Vanities, Poverty And Destitution Series
Contributed by W Pat Cunningham on Sep 22, 2018 (message contributor)
Summary: We must find in our heart the vast chasm, the infinite need that only Infinite Goodness and Truth and Beauty can fill.
Thursday of the 24th Week in Course 2018
St. Vincent de Paul
The book we call Ecclesiastes is often referred to as Qoheleth, for the Hebrew name of the author, here called “the Preacher.” The first words form one of the major themes of theology, that all things human are perishable, that even what appears to be a new idea is really quite old, and that human existence appears on the surface to be pointless. After all, to the Hebrews who even in the days of Jesus thought when we die we either cease to exist or are dragged down to some nether world of pain, everything does seem to be without ultimate meaning. And yet it can’t. If we are only the pointless result of random evolution, then we also seem to be the butt of a grand cosmic joke.
The problem, of course, is that our common humanity came from two common ancestors whose first volitional act was to commit rebellion against their Creator and Father. Weak in mind and weak in will, that’s us. Our most powerful organ is our brain, but as an example of the weakness of human beings, we reach sexual maturity five or ten years before we have a frontal lobe that can make consistently positive decisions. Before the industrial revolution, the structure of the extended family provided little time for two adolescents to have enough privacy to get into serious trouble. And if they did, social pressure not only pushed them into marriage, but provided support systems that might help the marriage to endure, even thrive. Now parents can’t even get reliable information about what they are reading, hearing or watching, because cell phones give a kind of privacy even if one is in a big crowd.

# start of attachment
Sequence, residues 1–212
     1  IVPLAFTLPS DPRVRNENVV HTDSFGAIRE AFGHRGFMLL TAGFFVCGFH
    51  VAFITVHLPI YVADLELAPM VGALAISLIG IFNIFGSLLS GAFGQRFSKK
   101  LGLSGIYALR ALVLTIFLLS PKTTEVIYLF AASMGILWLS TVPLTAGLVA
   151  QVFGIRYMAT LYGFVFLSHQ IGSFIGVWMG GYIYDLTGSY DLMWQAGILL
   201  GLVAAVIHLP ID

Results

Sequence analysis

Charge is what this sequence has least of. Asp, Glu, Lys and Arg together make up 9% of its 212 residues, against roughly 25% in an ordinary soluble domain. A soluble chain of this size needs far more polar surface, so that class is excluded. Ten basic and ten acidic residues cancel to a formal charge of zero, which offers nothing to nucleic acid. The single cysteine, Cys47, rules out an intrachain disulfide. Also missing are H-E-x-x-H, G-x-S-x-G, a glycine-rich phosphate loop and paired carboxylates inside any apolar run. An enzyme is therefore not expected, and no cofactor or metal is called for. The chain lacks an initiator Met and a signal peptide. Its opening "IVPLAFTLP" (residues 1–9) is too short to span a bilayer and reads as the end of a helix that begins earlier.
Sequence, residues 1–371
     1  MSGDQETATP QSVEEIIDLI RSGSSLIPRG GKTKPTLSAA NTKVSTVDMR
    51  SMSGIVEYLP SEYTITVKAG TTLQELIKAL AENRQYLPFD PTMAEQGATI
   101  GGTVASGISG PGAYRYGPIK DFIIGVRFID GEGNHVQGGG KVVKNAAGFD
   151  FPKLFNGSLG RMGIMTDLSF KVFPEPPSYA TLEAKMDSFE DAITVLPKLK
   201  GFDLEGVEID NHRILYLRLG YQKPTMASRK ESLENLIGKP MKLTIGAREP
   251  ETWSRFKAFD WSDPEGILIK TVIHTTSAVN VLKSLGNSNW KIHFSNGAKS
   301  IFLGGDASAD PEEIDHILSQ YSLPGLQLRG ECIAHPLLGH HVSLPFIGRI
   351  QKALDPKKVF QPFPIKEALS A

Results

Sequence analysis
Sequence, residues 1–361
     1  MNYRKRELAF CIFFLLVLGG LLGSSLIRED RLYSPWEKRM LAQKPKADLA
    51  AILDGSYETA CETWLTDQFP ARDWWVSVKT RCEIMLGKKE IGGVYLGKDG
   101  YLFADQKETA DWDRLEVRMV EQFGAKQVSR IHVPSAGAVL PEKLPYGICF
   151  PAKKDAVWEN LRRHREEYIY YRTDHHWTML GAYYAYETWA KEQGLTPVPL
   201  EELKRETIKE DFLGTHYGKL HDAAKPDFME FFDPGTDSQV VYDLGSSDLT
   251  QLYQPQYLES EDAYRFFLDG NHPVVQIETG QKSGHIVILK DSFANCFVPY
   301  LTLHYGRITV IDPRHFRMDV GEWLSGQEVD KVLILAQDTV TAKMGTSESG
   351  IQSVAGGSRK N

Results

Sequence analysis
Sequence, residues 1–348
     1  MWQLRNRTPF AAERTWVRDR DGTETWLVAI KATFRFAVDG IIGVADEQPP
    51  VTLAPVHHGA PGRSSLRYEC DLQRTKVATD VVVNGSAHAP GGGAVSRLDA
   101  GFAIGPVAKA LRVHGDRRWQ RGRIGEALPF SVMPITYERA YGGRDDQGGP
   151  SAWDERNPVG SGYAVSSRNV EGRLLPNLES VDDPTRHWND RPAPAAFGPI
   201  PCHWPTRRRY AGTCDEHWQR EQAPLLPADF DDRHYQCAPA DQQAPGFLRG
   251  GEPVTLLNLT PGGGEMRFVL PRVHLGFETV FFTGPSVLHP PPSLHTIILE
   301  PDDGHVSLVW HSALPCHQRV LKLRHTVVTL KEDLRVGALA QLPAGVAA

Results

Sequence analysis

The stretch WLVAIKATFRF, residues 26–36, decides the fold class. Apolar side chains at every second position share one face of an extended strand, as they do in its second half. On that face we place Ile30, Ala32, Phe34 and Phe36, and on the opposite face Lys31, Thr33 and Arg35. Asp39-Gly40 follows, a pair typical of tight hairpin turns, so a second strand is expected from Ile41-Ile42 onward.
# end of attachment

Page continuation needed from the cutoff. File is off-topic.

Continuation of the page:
Thus, for countless millions of modern men and women, distractions are so–well, distracting–that they don’t even get the time and the silence needed to contemplate the biggest questions like the meaning of human life. The answer, of course, is in the life and person of Jesus Christ and the example of the saints. They know that if everything in this life is a vanity, if as St. Theresa said, earthly life is like a bad night in a cheap hotel, we must look higher. We must find in our heart the vast chasm, the infinite need that only Infinite Goodness and Truth and Beauty can fill. We need redemption and new life, eternal life in Christ. Herod Antipas asked about Jesus, “who is this guy?” The answer, of course, is, “He’s everything you need. Repent.”
In his book, God or Nothing, Cardinal Sarah makes a distinction that is valuable to our understanding of St. Vincent dePaul, both the person and the Society. He is hard on the organizations that say we should “eliminate poverty.” Poverty, as Jesus and St. Francis of Assisi and thousands have saints have lived and preached, is a Gospel way of life. We use the things we have for good, and we don’t covet things that are mere luxuries. Cardinal Sarah distinguishes that noble and Christian poverty with destitution. We have an obligation to the poor who are destitute, who don’t have enough food, clean water, decent education, adequate housing to live as humans with dignity. Destitution, not poverty, is what we seek to eliminate.
St. Vincent was born in the late sixteenth century, and ministered entirely in the violent seventeenth, the age of religious wars, Jansenism, and Church reform ignited by the Council of Trent. Besides his work for the poor, Vincent was particularly dedicated to the proper formation of the clergy. “Since the Council of Trent the bishops had been endeavoring to found seminaries to form them, but these seminaries encountered many obstacles, the chief of which were the wars of religion. Of twenty founded not ten had survived till 1625.” His “Congregation of the Priests of the Missions,” now known as Vincentians, became well known over the centuries for staffing seminaries all over the Western world. Vincent also encouraged and was involved in priest retreats and continuing education.
As we consider the scandals that the Church faces once again because of lack of formation and discernment among the clergy, we should frequently invoke the intercession of all the saints, particularly the Blessed Virgin and today’s saint. Saint Vincent dePaul, pray for us.